The Lamb Stew Recipe Still Delicious After 4,000 Years

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What did a lamb stew from ancient Babylonia taste like?

Kind of like a lamb stew from present-day Iraq, as it turns out.

A team of international researchers are working on reconstructing ancient recipes recorded on 4,000-year-old clay tablets from Yale University’s Babylonian collection. The tablets, written in cuneiform, contain a few dozen recipes in various levels of detail. Scholars from various disciplines are working together to reproduce these ancient delicacies for our modern palates to enjoy.

Nawal Nasrallah, a culinary historian and Iraqi cuisine expert involved in the project, said she was surprised to find that the lamb stew — such a staple in Iraq today — was also a staple in the region 4,000 years ago. “It is really fascinating to see how such a simple dish, with all its infinite variety, has survived from ancient times to present,” she told BBC Travel, “and in those Babylonian recipes, I see not even the beginnings; they already had reached sophisticated levels in cooking those dishes. So who knows how much earlier they began?”

The lamb stew recipe is simple and succinct: “Meat is used,” read the tablets. “You prepare water. You add fine-grained salt, dried barley cakes, onion, Persian shallot, and milk. You crush and add leek and garlic.”

This recipe reminded Nasrallah of pacha, an Iraqi stew her mother used to make. The barley cakes are crumbled into the liquid the way we might today use croutons, or sop up the broth with bread. Scholars had to experiment with amounts and proportions to come up with a modern version of the recipe.

One striking aspect of the research is the fact that some of the recipes were local, while others were adopted from neighboring cultures. Gojko Barjamovic, a Harvard University expert on Assyriology, told the BBC that “there is a notion of ‘cuisine’ in these 4,000-year-old texts. There is food which is ‘ours’ and food that is ‘foreign.’ Foreign is not bad — only different, and sometimes apparently worth cooking since they give us the recipe.” For example, some of the dishes contain dill, an herb that was hardly used in Iraqi cuisine, but was quite common in Iranian cuisine. Barjamovic says that perhaps the ancient Babylonians associated the flavor of dill with their Elamite neighbors the way we associate fresh coriander with Latin American dishes.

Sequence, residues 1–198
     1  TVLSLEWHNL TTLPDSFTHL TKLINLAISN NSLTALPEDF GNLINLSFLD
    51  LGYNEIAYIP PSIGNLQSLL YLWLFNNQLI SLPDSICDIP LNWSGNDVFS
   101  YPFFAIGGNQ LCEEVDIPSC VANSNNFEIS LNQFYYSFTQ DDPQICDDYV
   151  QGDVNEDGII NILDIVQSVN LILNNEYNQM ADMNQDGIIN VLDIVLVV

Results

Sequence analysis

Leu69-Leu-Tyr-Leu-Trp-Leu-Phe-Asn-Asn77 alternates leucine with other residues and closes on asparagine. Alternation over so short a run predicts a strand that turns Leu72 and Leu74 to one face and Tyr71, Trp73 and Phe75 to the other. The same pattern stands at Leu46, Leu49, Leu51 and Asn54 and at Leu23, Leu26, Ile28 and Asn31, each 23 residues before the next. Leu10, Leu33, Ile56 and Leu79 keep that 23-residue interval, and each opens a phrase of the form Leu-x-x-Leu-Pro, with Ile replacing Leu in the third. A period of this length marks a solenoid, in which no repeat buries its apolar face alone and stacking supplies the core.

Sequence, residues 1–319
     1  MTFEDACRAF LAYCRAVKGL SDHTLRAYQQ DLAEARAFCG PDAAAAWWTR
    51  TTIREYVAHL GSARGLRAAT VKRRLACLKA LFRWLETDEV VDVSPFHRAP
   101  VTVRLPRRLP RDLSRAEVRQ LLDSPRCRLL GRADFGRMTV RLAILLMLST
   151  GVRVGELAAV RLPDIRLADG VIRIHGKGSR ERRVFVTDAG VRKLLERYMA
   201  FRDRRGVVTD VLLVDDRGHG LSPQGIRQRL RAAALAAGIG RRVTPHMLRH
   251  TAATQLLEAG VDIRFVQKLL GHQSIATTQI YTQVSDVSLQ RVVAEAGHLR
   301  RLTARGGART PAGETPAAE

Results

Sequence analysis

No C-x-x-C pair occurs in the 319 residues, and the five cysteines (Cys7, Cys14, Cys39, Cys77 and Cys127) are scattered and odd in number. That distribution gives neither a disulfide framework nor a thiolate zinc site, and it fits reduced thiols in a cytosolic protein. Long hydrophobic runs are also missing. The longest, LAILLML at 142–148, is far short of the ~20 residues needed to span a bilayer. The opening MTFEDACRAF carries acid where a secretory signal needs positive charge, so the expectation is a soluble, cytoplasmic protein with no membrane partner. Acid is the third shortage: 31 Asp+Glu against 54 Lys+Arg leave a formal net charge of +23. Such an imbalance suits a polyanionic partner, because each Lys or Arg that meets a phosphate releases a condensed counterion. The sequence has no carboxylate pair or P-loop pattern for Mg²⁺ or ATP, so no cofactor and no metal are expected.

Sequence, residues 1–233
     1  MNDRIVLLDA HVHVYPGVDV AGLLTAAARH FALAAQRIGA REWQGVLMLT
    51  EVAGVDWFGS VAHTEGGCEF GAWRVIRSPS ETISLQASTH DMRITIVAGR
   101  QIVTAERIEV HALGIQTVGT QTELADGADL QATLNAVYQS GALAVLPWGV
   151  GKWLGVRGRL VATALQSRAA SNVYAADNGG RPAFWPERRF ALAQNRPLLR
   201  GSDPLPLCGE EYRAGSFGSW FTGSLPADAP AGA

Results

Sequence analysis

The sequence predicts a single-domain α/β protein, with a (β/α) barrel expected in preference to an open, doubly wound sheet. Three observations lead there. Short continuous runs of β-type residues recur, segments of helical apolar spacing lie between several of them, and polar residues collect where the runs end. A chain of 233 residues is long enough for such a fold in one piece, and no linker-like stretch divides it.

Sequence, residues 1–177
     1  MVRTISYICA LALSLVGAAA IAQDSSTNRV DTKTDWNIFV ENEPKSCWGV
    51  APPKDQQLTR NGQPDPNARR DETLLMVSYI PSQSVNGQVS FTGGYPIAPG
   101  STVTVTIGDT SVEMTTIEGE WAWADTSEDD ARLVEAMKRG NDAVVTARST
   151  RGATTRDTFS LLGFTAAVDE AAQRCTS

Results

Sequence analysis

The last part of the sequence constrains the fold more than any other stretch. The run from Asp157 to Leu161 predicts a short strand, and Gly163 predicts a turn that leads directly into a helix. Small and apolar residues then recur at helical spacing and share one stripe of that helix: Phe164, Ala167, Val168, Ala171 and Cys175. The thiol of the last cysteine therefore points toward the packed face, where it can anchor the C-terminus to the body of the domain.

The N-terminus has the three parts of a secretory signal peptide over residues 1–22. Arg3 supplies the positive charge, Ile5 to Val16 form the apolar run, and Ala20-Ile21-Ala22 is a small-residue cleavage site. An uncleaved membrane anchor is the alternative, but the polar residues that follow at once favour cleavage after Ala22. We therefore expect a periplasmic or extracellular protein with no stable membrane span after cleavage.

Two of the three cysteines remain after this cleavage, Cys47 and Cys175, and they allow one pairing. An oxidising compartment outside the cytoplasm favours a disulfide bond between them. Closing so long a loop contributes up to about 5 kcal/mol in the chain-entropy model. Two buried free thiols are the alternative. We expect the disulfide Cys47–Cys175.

Nasrallah also points out that certain culinary trends, such as the concept of serving stuffed foods, seem to have survived over the millennia. The recipes in the tablets contain a sort of pot pie made with layers of dough and fowl covered in a cream sauce. Apparently, the dish was served with a sort of crusty lid, which was opened to reveal the meat underneath. Nasrallah says this technique was also used in recipes from a 10th-century cookbook from Baghdad, Kitab al-Tabikh. “Today, in the Arab world and particularly in Iraq, we pride ourselves in stuffed dishes like dolma,” Nasrallah told BBC. “In this way, I was really fascinated by the continuity of the cuisine and what has survived.”

Other recipes from the tablets recall comfort foods from additional cultures. Tuh’u, a mutton stew containing red beets, is reminiscent of both the Ashkenazi Jewish beetroot soup called borscht and the Iraqi Jewish dish called Kofta Shawandar Hamudh, sweet and sour meatballs with beets.

The recipes from the Yale University Babylonian collection now join the ranks of other, sometimes older, recipes we inherited from other ancient cultures. The Greek philosopher Herodotus, for example, describes a Scythian method for preparing stew from around 8000-4000 B.C.E., involving boiling meat in an animal paunch. Tamales — dough parcels stuffed with meat, vegetables, or fruits — have been consumed in South America since 8000 B.C.E. Archaeologists have discovered evidence going back as far as 2000 B.C.E. of ancient Greeks preparing a simple cheesecake from cheese, honey, and flour.

While the availability of various ingredients via global trade routes and culinary trends have changed a lot about what we eat over the centuries, it’s fascinating to see how much remains the same. As anyone who reminisces about the delicacies from their grandmothers’ kitchens knows, sometimes the oldest, tried-and-true recipes are the best ones, no matter how simple — and that seems to hold true even going back four millennia.

Does your family prepare a lamb stew like this? What are some of the oldest recipes you inherited? We’d love to hear in the comments!

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  • Jo


    November 18, 2019

    Can someone translate? 🙂

  • Jocelyn Deprez


    November 22, 2019

    My mouth is watering. Please tell me where I can read the ancient (maybe updated?) recipe.
    Thank you.